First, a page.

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As far as Hormone Replacement Therapy is concerned, thrombosis refers to deep vein thrombosis. These are blood clots that can form that can partially or completely block a blood vessel. The condition occurs most frequently in the legs but it can occur almost anywhere from the lower abdomen down. On average, deep vein thrombosis is fairly rare and affects about 1 person in 1700.

People who are particularly susceptible are the elderly, those that are overweight and those who have a condition called polycythaemia (inability to control the rise in numbers of red blood cells). Deep vein thrombosis can cause pulmonary embolism which is potentially fatal. A pulmonary embolism happens when pieces of a blood clot break away and becomes lodged in an artery in the lungs thus reducing the amount of oxygenated blood going to the heart.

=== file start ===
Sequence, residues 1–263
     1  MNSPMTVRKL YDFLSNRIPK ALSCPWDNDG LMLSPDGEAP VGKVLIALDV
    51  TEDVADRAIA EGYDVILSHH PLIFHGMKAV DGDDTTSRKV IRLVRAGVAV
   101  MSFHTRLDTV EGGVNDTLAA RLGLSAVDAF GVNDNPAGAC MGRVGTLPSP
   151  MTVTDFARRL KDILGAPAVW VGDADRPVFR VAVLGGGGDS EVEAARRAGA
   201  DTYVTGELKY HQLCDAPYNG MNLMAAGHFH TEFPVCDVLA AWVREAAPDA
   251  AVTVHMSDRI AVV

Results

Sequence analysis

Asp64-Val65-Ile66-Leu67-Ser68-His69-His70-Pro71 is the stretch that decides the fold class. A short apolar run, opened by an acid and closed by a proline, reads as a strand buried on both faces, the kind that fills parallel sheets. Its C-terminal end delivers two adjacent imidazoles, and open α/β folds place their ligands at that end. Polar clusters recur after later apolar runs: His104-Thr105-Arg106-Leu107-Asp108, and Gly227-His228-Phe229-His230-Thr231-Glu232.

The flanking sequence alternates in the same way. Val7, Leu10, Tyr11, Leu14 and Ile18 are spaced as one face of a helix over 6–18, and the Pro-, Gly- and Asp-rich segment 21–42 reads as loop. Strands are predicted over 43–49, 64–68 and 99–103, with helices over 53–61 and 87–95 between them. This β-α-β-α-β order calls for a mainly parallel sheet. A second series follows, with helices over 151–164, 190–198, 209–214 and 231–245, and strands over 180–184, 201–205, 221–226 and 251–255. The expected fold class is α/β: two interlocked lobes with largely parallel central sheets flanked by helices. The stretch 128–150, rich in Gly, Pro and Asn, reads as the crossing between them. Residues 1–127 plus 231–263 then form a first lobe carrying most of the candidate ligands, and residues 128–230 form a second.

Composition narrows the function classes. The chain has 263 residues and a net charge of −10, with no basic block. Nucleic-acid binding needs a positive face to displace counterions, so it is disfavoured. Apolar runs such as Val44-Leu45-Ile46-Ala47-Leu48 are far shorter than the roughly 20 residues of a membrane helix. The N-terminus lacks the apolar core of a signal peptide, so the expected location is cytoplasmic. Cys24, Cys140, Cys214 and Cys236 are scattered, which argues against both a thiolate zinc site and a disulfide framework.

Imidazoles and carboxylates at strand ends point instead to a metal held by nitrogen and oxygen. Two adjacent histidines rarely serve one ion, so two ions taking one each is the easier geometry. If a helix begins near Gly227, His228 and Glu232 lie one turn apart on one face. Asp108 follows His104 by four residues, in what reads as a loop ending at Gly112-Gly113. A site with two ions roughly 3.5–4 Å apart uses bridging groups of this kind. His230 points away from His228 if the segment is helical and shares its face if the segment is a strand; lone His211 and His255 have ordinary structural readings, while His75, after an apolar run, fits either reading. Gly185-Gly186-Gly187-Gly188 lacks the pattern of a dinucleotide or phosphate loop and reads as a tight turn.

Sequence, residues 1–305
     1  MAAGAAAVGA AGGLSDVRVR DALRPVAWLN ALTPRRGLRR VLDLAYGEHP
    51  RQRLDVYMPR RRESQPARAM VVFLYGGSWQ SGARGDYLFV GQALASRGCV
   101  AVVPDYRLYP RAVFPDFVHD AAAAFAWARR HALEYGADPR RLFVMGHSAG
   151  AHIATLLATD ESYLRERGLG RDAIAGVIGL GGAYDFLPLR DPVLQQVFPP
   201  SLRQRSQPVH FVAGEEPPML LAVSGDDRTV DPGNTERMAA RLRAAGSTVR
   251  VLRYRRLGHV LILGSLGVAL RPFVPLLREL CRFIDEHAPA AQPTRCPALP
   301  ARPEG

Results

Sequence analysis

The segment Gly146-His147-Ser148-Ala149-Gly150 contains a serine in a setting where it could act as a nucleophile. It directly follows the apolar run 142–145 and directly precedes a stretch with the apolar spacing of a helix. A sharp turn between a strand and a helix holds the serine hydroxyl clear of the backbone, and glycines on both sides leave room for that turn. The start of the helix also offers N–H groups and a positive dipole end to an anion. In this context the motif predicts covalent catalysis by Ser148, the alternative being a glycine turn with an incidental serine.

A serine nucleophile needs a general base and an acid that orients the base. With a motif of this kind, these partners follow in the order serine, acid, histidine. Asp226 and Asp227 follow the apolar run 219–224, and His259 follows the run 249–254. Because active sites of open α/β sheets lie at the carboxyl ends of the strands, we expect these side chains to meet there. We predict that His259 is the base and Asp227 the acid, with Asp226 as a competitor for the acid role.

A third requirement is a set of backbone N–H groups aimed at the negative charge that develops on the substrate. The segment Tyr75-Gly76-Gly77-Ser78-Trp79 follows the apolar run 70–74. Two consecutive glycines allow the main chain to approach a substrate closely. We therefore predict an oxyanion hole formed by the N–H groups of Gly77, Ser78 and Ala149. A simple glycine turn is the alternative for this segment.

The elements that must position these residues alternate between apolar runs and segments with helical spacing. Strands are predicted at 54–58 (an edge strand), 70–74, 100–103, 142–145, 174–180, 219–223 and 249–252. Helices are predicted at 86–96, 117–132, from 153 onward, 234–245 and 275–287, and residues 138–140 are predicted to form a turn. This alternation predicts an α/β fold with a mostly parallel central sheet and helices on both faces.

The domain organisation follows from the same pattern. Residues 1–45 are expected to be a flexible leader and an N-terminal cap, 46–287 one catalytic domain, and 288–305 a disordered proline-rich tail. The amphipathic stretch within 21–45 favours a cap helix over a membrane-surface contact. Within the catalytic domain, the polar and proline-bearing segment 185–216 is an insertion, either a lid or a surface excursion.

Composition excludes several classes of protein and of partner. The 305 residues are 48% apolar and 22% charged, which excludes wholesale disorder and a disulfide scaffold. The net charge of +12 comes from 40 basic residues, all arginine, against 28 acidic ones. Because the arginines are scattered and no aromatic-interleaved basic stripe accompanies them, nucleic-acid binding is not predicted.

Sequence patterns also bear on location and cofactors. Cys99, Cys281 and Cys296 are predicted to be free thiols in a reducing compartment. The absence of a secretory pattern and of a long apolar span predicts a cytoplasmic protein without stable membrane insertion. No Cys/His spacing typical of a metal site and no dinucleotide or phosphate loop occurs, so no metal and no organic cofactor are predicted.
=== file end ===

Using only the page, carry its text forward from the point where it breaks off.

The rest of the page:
The incidence of deep vein thrombosis appears to be increased two – four folds in HRT users, according to John Studd, the risk seems to be higher when treatment is started and reduces significantly in long term users.

In a woman that is categorised as low risk, this may mean an increase of 1:5000. Any woman that already has a history of deep vein thrombosis or pulmonary embolism should avoid taking HRT, unless the thrombosis was as a result of surgery, accident, pregnancy or childbirth in which case there should not be an increased risk.

Recommended Reading:

star buy The New Natural Alternatives to HRT – £16.99 from The Hysterectomy Association. is essential reading for everyone going through the menopause who prefers not to use hormone replacement therapy.

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